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Using a metal lathe safely

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Hi Folks,

Last year I purchased a pair of brass pedestals for my Smuggler project.

They were turned on a lathe at the factory but the surface was very rough so I decided to polish them on my mini metal lathe.

I tried three setups, two of which turned out to be unsafe, so I've decided to share my experience.

The first setup was the most unsafe.  The three jaw chuck has it's jaws protruding slightly.  Also, the live center isn't touching the workpiece so it could come off the machine and fly around the room

I immediately got whacked in the middle finger on my left hand right on the tip of my finger.  If that wasn't bad enough, I play guitar and bass all the time and my fingers are sore anyway.  Thankfully, there was no blood or broken bone. 

The second setup was better but still not perfect.  I was still using the three jaw chuck, but reversed the jaws so they didn't protrude as much.  Also, I used a piece of threaded rod to secure the workpiece.

The third setup is the best.  I used the threaded rod as in setup #2 and used a jacobs chuck which is much smaller.

The bottom line is: think through your setup, turn the machine over manually before turning it on to identify any dangers, run it on the slowest speed the first time.

In the end, my pedestals look great, but I could have injured myself in the process.

Be careful with your power tools!






Edited by Jamie Peghiny
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I'd advise a little caution in using a drill chuck to hold a workpiece in the headstock of a lathe.  Such chucks are not designed to take lateral forces and could result in either inaccurate work, or worse, failure of the chuck, if overloaded.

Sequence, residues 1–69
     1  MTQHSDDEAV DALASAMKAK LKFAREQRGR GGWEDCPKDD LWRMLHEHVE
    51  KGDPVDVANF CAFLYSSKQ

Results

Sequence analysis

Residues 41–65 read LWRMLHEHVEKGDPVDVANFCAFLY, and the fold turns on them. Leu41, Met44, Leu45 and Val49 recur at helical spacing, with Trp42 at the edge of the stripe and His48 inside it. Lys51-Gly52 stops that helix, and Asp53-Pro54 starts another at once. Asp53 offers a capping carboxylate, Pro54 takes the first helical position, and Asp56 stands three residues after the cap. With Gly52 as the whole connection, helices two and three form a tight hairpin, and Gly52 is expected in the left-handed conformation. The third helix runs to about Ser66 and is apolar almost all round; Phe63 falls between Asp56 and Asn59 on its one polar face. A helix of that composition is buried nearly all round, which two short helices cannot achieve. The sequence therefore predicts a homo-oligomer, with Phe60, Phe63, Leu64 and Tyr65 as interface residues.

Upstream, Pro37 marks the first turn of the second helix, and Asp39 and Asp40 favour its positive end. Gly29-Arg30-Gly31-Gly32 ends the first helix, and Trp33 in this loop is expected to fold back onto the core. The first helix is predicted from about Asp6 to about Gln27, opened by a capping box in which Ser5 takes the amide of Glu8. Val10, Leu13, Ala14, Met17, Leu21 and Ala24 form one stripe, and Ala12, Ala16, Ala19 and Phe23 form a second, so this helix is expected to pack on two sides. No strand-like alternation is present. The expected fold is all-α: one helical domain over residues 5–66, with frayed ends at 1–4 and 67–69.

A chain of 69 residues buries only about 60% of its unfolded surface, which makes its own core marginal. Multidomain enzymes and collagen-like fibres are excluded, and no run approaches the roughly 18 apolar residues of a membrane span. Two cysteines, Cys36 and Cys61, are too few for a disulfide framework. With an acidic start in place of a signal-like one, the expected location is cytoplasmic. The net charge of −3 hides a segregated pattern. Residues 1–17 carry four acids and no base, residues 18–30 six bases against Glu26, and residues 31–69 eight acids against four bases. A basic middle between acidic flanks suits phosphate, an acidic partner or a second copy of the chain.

If you cannot mount it securly in a 3 jaw chuck, then use a 4 jaw, failing that, a centre plate.


The same would apply if trying to carry out a milling operation in a pillar drill.

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Using a 4 jaw check would have been a better option from the start. But like the person also said, it is best to think things out before hand, and if possible try and do it on a practice piece first, which he wasn't able to do with this project. Look on the web would also help in trying to figure out the best way, and then last but not least when you are not sure "ASK HERE OR ON THE WEB" and someone is sure to post the way to do it. The project in hand was not something that needed to be done right at the moment so you could have waited to see if someone would have replied back with an answer. It is good that you didn't get hurt with the first setup, someone must have been looking out for you. I have been lucky in the past with some thing I have done on a wood lathe, and later when I really look at the way I did it. I ask myself why did I take a chance doing it that way when I know better, but we all learn and sometime we learn the hard way. I been lucky in things I have done.